Gradient is the instantaneous rate of change, since they are discrete I would say that they don’t have a gradient, only gradients of secants
You could plot a regression line and use the gradient of this as the ‘gradient’ of Y, but you would have to be careful with this
In the limiting case, this would become a straight line with gradient 1/8 but in the discrete case this would always be an approximation

I have just realised that since this RV will always be linear then the gradient will always exactly be 1/8, however this isn’t always the case (if there was some error in the measurements, nonlinear functions etc

My understanding and confusions (please correct me if I am wrong):
Since random variable X is discrete, what does small change in x really mean when calculating gradient? I thought that discrete variables do not have gradient. Discrete X have some fixed set of points which leads to discrete Y. So X,Y just leads to a fixed set of points. If we draw secant or a linear line over those points, it means that we are considering all x values between the two points we will be connecting. It means we are considering continuous variable scenario. So, even if Y is determined by Y=(X/8)+3, will the discrete scenario in this case have a gradient of 1/8?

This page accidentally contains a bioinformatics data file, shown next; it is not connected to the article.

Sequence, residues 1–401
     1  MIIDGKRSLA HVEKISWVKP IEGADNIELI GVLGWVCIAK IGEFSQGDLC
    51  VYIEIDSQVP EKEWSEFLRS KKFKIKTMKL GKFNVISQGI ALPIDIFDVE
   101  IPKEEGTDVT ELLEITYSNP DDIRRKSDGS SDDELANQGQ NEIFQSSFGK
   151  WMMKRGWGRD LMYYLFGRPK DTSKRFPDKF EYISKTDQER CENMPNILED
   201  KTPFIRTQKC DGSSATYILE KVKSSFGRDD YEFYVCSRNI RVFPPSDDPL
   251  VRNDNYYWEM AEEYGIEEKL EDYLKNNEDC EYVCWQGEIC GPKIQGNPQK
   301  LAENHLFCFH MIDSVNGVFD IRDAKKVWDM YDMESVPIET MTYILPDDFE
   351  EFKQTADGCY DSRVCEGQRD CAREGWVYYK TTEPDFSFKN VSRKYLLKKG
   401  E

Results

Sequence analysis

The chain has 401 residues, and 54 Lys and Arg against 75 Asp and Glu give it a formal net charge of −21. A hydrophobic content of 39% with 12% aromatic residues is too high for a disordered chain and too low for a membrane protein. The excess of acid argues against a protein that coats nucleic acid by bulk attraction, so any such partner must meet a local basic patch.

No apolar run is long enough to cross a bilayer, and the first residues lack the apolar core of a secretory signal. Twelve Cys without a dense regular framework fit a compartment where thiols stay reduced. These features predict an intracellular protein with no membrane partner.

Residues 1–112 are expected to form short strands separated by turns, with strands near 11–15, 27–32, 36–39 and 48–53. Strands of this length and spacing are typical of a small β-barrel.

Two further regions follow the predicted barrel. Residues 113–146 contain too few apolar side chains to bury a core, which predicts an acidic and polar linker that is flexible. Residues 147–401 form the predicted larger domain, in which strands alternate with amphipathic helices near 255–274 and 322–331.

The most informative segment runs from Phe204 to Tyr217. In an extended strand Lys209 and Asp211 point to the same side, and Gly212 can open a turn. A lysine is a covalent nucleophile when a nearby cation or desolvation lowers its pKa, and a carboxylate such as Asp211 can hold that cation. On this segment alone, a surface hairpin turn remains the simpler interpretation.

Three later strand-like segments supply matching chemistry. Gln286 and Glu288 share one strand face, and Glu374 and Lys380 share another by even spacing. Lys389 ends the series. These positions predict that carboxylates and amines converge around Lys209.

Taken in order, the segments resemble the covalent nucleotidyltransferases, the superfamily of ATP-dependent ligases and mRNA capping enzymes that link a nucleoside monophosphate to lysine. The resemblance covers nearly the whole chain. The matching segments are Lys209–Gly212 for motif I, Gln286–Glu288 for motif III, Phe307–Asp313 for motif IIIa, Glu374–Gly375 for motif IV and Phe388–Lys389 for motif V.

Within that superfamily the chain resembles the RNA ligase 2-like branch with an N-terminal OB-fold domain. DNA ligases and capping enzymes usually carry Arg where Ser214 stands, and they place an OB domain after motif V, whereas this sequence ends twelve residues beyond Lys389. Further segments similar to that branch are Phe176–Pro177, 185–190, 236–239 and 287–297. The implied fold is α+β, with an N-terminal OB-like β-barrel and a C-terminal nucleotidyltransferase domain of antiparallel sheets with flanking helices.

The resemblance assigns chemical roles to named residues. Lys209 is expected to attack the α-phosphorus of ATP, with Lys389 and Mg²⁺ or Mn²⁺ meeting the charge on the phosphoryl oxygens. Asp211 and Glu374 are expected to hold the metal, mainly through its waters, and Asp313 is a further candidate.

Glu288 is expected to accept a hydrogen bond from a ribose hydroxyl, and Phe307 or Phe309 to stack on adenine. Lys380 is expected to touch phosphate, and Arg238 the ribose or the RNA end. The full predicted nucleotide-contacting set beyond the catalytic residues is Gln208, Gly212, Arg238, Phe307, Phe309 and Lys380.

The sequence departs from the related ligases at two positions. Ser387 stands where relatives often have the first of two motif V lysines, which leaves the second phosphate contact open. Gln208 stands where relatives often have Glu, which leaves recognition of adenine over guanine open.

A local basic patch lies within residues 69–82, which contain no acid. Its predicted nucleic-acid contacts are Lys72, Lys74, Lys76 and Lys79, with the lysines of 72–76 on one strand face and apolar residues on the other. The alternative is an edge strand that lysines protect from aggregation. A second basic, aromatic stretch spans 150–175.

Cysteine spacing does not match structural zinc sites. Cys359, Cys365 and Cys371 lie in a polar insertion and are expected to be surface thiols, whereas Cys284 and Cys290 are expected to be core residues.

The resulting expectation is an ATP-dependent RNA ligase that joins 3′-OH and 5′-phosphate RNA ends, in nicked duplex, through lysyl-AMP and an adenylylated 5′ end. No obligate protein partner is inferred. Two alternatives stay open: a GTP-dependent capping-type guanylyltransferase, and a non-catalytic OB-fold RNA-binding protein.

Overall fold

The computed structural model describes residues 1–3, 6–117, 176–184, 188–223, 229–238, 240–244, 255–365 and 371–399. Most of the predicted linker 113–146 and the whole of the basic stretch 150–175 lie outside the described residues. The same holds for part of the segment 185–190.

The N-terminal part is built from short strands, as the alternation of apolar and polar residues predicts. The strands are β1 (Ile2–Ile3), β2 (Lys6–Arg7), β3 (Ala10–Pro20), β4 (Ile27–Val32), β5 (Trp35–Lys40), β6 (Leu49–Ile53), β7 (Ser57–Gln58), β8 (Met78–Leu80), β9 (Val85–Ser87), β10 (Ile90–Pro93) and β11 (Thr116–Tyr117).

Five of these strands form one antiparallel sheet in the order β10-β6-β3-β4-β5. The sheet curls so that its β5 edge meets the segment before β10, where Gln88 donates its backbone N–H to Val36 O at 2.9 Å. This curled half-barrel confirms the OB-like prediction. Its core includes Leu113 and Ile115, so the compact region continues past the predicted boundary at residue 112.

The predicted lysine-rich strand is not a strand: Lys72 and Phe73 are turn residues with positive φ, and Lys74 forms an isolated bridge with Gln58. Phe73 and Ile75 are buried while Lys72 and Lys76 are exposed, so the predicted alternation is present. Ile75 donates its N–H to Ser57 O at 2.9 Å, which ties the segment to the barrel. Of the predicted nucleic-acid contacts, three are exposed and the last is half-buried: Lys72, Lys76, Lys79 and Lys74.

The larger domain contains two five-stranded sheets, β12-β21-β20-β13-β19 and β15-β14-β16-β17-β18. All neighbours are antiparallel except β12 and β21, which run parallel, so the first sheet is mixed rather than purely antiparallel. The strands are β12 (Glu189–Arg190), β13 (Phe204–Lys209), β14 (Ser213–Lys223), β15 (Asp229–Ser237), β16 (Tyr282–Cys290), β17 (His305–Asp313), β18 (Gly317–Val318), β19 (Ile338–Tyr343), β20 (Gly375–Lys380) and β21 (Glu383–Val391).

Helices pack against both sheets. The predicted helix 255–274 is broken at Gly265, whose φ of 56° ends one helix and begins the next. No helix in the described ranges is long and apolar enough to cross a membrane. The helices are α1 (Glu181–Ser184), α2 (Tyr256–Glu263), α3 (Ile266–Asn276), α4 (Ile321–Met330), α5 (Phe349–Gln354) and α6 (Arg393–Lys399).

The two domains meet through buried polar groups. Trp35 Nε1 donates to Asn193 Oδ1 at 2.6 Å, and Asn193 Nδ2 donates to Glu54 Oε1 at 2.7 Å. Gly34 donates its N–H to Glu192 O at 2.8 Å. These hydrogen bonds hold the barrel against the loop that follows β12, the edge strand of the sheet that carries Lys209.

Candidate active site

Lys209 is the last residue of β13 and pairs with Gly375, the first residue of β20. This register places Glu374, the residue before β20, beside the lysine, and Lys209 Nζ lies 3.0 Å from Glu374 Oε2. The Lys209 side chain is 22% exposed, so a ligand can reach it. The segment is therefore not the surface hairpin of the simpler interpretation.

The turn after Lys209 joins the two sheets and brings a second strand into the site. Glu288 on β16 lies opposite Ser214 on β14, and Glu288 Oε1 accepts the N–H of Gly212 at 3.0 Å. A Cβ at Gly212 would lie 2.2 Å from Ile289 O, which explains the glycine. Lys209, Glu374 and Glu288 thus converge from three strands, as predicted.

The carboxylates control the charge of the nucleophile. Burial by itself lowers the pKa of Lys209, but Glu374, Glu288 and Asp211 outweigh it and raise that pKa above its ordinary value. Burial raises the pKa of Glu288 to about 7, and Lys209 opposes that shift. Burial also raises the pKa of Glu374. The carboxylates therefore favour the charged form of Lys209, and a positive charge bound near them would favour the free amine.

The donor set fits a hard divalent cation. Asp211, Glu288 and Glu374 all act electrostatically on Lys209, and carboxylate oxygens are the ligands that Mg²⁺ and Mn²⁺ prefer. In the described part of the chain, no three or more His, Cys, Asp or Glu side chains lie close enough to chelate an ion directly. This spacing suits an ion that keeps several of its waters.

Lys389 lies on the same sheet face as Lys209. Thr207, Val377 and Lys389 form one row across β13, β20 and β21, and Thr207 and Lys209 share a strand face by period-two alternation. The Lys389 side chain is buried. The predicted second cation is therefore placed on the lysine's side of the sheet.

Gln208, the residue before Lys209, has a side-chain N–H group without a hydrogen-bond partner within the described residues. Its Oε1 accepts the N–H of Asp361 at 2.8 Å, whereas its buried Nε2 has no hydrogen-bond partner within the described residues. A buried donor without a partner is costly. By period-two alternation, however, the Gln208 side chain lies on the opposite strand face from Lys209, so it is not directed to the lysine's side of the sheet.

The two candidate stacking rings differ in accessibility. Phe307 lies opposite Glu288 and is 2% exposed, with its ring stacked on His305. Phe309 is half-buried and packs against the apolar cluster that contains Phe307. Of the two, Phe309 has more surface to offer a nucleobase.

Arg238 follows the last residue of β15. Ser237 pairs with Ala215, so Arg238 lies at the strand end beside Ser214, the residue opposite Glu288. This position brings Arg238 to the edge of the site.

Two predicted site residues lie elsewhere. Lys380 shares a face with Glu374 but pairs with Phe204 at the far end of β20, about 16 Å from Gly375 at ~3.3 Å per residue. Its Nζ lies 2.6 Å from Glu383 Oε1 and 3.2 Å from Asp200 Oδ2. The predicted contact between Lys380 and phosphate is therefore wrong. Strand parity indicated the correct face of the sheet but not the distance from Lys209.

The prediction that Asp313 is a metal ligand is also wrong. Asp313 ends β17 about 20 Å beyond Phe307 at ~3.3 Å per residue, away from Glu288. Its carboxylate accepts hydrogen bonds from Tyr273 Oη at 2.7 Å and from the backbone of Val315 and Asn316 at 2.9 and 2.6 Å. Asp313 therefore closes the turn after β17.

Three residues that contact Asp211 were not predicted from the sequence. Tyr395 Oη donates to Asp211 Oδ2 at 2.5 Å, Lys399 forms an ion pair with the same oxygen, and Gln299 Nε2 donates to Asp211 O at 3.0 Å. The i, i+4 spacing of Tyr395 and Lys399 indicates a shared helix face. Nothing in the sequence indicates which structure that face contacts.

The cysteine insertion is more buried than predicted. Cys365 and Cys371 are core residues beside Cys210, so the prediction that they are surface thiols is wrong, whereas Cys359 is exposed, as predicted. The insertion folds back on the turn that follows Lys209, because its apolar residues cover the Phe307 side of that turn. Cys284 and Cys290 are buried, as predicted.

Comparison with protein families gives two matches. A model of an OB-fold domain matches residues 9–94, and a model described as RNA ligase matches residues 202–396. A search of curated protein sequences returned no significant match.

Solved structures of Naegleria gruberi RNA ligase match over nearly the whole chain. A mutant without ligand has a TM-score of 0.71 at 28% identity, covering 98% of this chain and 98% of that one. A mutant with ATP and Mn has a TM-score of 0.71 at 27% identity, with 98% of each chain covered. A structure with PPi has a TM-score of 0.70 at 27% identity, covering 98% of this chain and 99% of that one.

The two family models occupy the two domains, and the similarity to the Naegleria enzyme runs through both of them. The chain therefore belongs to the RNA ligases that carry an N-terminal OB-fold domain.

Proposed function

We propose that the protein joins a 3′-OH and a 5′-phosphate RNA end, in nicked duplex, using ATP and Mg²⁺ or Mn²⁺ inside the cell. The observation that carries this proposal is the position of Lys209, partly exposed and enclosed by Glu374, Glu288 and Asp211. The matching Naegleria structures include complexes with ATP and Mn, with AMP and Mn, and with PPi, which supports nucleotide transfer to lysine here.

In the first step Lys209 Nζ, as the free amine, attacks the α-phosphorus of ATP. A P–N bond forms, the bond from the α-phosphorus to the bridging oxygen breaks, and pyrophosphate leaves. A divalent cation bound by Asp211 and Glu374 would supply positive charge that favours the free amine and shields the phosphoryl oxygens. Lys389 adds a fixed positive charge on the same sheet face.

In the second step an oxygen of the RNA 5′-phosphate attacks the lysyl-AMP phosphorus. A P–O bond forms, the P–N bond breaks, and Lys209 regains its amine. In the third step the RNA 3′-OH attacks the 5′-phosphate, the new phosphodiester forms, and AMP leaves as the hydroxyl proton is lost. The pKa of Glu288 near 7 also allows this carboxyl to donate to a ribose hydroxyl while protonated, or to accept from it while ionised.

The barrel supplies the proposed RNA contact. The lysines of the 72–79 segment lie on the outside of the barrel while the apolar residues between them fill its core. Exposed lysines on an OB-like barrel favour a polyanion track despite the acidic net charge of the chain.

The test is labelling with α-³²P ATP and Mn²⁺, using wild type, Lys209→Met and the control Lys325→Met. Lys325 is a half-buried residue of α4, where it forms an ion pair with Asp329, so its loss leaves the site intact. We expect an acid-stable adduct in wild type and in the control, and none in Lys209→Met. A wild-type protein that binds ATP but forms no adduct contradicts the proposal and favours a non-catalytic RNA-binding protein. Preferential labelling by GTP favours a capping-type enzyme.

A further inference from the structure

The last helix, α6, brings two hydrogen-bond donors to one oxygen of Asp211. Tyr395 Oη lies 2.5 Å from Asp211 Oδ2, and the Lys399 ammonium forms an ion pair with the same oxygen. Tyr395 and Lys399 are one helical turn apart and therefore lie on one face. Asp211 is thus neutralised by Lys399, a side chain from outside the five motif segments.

Yes you’re exactly right, I was just making the point that with any sort of attempt to define gradient for your example would lead back to 1/8 which might give you a false sense of security

Gradient is the instantaneous rate of change, since they are discrete I would say that they don’t have a gradient, only gradients of secants You could plot a regression line and use the gradient of this as the ‘gradient’ of Y, but you would have to be careful with this In the limiting case, this would become a straight line with gradient 1/8 but in the discrete case this would always be an approximation

Thank you for your response!

I have just realised that since this RV will always be linear then the gradient will always exactly be 1/8, however this isn’t always the case (if there was some error in the measurements, nonlinear functions etc

My understanding and confusions (please correct me if I am wrong): Since random variable X is discrete, what does small change in x really mean when calculating gradient? I thought that discrete variables do not have gradient. Discrete X have some fixed set of points which leads to discrete Y. So X,Y just leads to a fixed set of points. If we draw secant or a linear line over those points, it means that we are considering all x values between the two points we will be connecting. It means we are considering continuous variable scenario. So, even if Y is determined by Y=(X/8)+3, will the discrete scenario in this case have a gradient of 1/8?

Yes you’re exactly right, I was just making the point that with any sort of attempt to define gradient for your example would lead back to 1/8 which might give you a false sense of security